The L.A. Times reports:
"Citigroup Inc. shares fell after Chief Executive Vikram Pandit said the bank will lay off 4,500 employees as it attempts to trim costs in an "extremely challenging operating environment."
The cuts, which amount to less than 2% of Citigroup's approximately 267,000 employees, will be spread over several quarters, Pandit said at an investor conference, sponsored by Goldman Sachs Group Inc. Citigroup will take a $400-million charge in the fourth quarter related to the layoffs, factoring severance and other expenses.
Not just Citi--
Bank of America Corp. said in the fall that it plans to cut out 30,000 jobs over the next few years. JPMorgan Chase and Swiss lender UBS also said that they plan to shrink their headcounts."
According to the NYTimes, on February 23, 2009, Citigroup announced that the United States government would take a 36% equity stake in the company by converting $25 billion in emergency aid into common shares with a US Treasury credit line of $45 billion to prevent the bankruptcy of the largest bank in the world at the time. The government would also guarantee losses on more than $300 billion troubled assets and inject $20 billion immediately into the company. In exchange, the salary of the CEO is $1 per year and the highest salary of employees is restricted to $500,000 in cash and any amount above $500,000 must be paid with restricted stock that cannot be sold until the emergency government aid is repaid in full.
In 2010, Citigroup achieved its first profitable year since 2007. It reported $10.6 billion in net profit, compared with a $1.6 billion loss in 2009. Late in 2010, the government sold its remaining stock holding in the company, yielding an overall net profit to taxpayers of $12 billion.The NY Times (Nov 2011)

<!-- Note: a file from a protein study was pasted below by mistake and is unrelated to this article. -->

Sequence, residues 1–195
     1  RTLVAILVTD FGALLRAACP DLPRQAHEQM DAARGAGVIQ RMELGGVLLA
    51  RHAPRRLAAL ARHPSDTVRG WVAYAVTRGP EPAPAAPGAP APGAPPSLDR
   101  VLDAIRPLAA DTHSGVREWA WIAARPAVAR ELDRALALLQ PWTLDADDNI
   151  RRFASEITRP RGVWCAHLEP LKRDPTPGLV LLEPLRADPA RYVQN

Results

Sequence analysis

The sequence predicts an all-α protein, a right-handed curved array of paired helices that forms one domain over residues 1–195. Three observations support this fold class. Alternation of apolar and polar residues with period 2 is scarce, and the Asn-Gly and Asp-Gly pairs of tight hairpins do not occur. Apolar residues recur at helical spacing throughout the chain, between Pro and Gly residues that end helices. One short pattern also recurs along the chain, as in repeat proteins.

In October 2011, Citigroup agreed to pay $285 million to settle charges that it misled investors in a $1 billion derivatives deal tied to the United States housing market, then bet against investors as the housing market began to show signs of distress, the Securities and Exchange Commission said.
On Nov. 28, a federal judge in New York threw out the settlement, saying that the S.E.C.’s policy of settling cases by allowing a company to neither admit nor deny the agency’s allegations did not satisfy the law.
The judge, Jed S. Rakoff of United States District Court in Manhattan, ruled that the S.E.C.’s settlement is “neither fair, nor reasonable, nor adequate, nor in the public interest” because it does not provide the court with evidence on which to judge the settlement.
Citigroup was charged with negligence in its selling to customers a billion-dollar mortgage securities fund, known as Class V Funding III. The S.E.C. alleged that Citigroup picked the securities to be included in the fund without telling investors, claiming that the securities were being chosen by an independent entity. Citigroup then bet against the investments because it believed that they would lose value, the S.E.C. said.
Investors lost $700 million in the fund, according to the S.E.C., while Citigroup gained about $160 million in profits.
Three years after needing a federal bailout to survive, Citigroup reported its seventh-straight quarterly profit, with a 74 percent rise in the third quarter despite dismal results of its investment bank.
Citigroup announced a profit of $3.8 billion, or $1.23 a share, beating analyst consensus estimates of 81 cents per share. The bank had reported a $2.2 billion profit, or 72 cents a share, a year ago in the third quarter.
"They got bailed out & we got sold out"